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The author of the photographed excerpt considers pre-nominal adjective sets as a string. Like beads, they go onto the noun one after another, and since we apparently prefer some permutations to others, he looks for a pattern that tells us what order we automatically identifies an ordered list of attributes that, supposedly, describes the order in which English speakers string adjectives. Here's the order again:
Opinion - size - age - shape - colo(u)r - origin - material - purpose - Noun.
This doesn't of course mean that we are likely, in ordinary speech, to craft sentences in which we describe a noun with a string of eight adjectives. It just means that we supposedly put size-adjectives before material-adjectives, opinion-about-the-thing-adjectives before origin-adjectives, and so on.
Let's see the examples I wrote just now:
"little red" wagon is size-color .... Check!
"old brass" key is age-material.... Check!
"enormous antique rocking" chair is size-age-purpose I guess... Check!
Or is it size-age-shape? What if the chair is, er, shaped like a rocking chair but intended for an office? Then it would be an enormous antique rocking office chair. Still fits the pattern, I suppose. Check!
"delicious square German vegan" liverwurst is opinion-shape-origin-(material or maybe purpose) ... Check!
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So far so good. But! If one sits and thinks for a while, one may come up with contrary examples. So the "absolutely" in the author's paragraph must certainly be struck out.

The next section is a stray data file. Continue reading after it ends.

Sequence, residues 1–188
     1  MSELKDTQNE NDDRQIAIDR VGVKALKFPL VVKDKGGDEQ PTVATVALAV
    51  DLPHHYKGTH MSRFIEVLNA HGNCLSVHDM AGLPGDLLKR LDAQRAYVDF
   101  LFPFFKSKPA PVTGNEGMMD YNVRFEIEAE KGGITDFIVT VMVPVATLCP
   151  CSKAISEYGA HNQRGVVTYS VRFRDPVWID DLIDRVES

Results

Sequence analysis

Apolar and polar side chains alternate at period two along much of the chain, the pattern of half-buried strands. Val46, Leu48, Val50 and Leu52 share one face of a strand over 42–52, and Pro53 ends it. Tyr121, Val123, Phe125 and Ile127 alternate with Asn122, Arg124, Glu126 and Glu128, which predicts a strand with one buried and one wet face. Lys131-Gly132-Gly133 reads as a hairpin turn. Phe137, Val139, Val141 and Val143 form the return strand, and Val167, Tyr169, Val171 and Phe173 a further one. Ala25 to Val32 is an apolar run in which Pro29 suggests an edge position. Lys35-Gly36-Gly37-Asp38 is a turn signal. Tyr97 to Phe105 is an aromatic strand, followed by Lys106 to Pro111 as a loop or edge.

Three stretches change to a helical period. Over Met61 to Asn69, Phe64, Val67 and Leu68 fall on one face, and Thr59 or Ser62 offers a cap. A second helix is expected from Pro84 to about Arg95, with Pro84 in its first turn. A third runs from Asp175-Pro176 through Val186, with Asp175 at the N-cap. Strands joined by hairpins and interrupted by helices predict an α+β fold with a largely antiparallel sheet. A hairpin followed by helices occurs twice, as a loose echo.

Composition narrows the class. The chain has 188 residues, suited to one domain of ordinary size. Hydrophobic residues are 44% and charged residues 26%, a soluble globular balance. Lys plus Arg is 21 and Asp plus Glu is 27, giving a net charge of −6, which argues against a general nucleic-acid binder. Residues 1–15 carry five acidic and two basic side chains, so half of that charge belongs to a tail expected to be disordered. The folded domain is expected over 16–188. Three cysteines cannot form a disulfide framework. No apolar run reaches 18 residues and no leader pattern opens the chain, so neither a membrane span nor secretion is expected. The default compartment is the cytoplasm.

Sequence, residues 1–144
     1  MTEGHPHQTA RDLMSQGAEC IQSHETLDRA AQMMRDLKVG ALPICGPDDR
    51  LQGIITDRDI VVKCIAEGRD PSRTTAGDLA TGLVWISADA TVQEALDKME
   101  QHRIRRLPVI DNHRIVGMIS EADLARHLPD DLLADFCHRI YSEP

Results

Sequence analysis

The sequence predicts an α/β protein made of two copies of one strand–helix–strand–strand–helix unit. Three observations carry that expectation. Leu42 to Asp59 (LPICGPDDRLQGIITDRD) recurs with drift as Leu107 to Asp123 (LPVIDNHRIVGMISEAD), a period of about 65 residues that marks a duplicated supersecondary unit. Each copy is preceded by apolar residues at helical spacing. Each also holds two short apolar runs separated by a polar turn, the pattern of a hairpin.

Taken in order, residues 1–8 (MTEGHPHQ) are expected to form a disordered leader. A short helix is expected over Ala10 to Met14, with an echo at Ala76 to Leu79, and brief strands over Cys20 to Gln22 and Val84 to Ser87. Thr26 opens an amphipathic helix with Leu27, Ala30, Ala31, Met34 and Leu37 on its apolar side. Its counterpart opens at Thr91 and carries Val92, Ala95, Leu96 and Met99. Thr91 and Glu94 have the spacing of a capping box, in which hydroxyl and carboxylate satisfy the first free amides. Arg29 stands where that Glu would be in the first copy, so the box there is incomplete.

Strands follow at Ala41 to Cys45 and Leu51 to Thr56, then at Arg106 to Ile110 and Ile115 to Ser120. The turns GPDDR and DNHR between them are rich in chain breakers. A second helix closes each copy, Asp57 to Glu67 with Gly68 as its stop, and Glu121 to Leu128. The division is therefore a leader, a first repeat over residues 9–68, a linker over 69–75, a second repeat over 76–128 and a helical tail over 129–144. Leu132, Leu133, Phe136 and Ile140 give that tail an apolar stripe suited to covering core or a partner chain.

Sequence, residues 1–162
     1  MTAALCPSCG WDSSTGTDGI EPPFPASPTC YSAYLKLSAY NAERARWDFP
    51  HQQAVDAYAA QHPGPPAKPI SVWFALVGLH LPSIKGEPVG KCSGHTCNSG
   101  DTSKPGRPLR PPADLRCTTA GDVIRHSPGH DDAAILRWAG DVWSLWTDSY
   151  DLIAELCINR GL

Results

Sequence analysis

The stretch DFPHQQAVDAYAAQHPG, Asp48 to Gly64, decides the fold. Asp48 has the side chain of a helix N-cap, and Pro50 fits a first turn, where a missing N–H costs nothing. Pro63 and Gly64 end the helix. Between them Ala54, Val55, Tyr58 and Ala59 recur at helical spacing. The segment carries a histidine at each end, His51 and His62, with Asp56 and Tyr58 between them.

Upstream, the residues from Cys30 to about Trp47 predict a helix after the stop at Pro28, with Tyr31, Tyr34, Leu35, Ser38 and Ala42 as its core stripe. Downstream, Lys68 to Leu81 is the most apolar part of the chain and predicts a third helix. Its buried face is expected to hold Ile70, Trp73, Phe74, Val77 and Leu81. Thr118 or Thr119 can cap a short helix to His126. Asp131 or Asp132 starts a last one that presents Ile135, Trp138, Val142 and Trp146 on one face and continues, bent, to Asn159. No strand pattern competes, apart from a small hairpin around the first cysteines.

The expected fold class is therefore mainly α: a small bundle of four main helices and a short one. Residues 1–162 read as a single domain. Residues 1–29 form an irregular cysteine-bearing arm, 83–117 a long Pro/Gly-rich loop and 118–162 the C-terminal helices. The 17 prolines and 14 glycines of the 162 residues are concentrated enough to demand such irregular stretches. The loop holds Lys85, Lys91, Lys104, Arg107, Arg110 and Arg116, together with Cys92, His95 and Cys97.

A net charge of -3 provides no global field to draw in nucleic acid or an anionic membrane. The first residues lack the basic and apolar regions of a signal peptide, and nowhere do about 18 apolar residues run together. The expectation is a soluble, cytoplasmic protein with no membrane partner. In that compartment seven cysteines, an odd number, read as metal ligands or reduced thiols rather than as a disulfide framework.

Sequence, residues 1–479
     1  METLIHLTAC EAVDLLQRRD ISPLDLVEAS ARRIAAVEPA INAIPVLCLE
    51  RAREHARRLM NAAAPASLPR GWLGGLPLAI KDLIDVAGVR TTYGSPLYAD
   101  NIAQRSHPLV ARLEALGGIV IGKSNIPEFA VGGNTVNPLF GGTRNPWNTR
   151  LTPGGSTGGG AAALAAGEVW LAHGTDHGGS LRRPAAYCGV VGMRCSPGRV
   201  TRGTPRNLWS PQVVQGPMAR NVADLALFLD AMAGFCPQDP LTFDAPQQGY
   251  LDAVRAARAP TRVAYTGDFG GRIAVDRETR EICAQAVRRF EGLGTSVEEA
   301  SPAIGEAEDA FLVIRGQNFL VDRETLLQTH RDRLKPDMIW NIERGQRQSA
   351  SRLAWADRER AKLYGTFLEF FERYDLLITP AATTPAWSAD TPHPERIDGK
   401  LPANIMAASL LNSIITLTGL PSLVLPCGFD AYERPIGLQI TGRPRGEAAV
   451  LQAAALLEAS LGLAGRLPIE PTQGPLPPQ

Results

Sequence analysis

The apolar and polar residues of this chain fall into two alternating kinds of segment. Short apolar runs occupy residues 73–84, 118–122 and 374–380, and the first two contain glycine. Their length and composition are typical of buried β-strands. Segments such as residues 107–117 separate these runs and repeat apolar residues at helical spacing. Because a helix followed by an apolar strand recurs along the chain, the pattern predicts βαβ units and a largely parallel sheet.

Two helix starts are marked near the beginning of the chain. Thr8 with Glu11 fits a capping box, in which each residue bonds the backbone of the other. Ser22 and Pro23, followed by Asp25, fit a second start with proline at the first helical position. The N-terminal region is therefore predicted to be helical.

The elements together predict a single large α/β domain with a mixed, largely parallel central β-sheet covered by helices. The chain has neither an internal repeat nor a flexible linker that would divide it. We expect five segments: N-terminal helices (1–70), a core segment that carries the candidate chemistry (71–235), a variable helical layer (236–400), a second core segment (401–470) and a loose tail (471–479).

The first one I thought of was
She has a new little baby.
This pattern puts shape before age, yet it is clearly better than
She has a little new baby.
Later I thought of
The white crescent moon shone above
which, though it puts the white color before the crescent shape, sounds more correct than
The crescent white moon shone above.
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Okay, so the "absolutely" isn't warranted for our pattern. Yet it seems almost right. Is there a way we can generalize? And what makes this pattern appear in the first place?
One of our interlocutors suggested that it had to do with "essence" -- that the more essential qualities are placed closer to the noun, and the more superficial ones are placed farther away. So, for example, a little red wagon is more essentially red and only superficially little. A German rocking chair's rocking-ness is more essential to its nature, and its German-ness less so.